By Joseph O’Connor
The Vancouver – Calgary hockey series that is now unfolding must bring back memories to former Canuck enforcer Gino Odjick. The Algonquin enforcer as was nicknamed by Canuck fans, was riding shotgun for Pavel Bure on a Canuck team that would go to the Stanley Cup Playoffs after beating Calgary in the first round.
Gino hung up the skates two years ago while still playing for Montreal Canadians because of a concussion, the result of a puck hitting him in the head. He played his final years with the New York Islanders and the Canadians, but he made his reputation playing with Vancouver.
He is back in Vancouver, living on the Musqueam reserve and happy to be here.
“It kind of feel like it’s home, because I grew up here. I came as a boy and left as a man. Everywhere I went, I compared it to Vancouver,” Gino told The Province reporter, Kent Gilchrist.
He returned to Vancouver not only because he likes the city, he was offered a business opportunity that he couldn’t turn down. The Musqueam Band council hoped to buy back the lease for the Musqueam Golf centre and needed a partner with deep pockets.
Gino, who loves golf and was looking for a second career, jumped at the chance.
“I thank God I’ve had the opportunity to go directly from hockey to another job. A lot of hockey players don’t have college education. It’s a whole lot harder to make money in the real world.”
The official opening is not until mid-April but the task of administering the already popular course began as soon as the ink dried on the contract. Gino is up to the task working with eight teaching pros and developing new marketing strategies for a course that already is one of the most popular in the city.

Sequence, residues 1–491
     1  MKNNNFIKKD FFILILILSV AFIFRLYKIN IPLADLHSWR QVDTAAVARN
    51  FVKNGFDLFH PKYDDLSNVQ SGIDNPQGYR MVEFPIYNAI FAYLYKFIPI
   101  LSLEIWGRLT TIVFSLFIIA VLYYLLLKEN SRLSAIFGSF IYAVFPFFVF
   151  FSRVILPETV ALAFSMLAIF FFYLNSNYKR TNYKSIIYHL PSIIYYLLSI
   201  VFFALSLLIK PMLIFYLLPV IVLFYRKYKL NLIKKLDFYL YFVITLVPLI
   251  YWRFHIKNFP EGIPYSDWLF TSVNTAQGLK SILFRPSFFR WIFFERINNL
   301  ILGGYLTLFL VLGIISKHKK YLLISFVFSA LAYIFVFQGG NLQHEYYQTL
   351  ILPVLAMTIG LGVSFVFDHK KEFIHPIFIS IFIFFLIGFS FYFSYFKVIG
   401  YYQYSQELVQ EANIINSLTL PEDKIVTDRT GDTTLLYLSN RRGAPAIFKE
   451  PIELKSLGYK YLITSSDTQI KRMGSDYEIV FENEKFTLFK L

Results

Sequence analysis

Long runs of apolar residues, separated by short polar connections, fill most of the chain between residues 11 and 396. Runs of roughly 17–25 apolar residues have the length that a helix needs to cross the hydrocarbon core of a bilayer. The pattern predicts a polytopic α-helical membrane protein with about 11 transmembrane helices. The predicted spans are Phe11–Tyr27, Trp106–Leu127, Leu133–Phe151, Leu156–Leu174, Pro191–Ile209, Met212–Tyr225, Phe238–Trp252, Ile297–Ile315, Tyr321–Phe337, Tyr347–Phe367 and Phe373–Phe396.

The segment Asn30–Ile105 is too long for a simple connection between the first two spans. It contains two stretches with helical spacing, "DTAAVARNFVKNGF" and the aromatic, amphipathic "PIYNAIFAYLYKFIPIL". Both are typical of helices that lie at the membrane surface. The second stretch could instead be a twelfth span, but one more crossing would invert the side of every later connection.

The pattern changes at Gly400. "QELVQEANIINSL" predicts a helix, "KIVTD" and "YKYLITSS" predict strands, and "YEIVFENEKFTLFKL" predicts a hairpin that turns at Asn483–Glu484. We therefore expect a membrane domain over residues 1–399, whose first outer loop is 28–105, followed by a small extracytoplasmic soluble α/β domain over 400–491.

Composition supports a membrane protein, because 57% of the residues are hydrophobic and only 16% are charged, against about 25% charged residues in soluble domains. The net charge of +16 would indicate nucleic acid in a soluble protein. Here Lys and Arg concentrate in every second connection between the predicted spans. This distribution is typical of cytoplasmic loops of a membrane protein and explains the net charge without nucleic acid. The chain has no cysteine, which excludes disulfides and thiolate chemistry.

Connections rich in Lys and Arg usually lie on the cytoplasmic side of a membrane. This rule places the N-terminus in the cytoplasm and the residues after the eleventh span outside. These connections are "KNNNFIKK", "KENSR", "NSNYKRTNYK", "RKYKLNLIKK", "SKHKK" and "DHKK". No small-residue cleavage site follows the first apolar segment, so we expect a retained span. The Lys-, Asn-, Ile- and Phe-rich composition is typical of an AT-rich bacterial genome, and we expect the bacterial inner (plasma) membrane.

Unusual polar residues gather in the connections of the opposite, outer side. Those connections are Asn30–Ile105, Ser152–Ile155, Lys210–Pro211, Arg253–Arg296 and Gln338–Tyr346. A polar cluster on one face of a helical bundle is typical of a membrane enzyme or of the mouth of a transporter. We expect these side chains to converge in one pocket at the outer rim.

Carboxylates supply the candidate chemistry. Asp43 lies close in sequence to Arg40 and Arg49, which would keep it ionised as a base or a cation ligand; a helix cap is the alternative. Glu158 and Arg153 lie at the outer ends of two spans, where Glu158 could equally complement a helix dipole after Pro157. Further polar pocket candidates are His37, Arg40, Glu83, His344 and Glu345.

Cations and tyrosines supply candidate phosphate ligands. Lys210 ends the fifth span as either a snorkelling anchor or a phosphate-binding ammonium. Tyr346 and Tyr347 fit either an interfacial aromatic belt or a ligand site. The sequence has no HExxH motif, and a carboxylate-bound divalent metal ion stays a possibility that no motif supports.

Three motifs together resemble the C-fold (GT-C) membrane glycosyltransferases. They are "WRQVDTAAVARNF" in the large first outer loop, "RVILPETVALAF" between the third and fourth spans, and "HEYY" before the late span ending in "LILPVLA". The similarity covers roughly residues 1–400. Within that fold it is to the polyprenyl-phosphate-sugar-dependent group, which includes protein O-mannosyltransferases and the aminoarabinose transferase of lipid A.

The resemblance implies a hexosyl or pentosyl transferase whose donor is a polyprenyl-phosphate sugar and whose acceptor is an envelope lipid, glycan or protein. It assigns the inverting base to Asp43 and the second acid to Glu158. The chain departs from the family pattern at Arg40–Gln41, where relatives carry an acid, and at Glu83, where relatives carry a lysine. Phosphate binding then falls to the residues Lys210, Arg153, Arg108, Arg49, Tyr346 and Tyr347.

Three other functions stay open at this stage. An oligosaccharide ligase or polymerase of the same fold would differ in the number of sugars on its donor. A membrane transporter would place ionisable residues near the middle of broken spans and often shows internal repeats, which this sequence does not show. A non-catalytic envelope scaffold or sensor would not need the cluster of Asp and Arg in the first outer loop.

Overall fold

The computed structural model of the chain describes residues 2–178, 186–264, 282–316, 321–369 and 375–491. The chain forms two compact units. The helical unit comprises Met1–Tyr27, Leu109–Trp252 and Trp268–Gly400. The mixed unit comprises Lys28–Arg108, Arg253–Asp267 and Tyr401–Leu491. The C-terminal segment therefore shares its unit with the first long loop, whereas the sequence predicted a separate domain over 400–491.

He hopes to make The Musqueam Golf Centre the premier course of Vancouver and he has already started the upgrades.
“My challenge is to make it the best it can be and make the best return on investment for the band and myself. It’s a chance to create work for members. You know there’s a salmon-bearing creek here. I’m told it’s the only one left in the city and there used to be 50 at one time. I’m not here to take my pay out of it. I want to leave it in better shape than when I came.”
Gino takes pride in his new venture and surely his golf game will improve since most of his time is spent on the course. Of equal importance is the Musqueam Band taking on a venture that will bring in capital and create jobs for its members.
Last year, Chief Clarence Louie, as business director for the Osooyos band, opened the first Native-owned winery that has recorded a profit in its first year.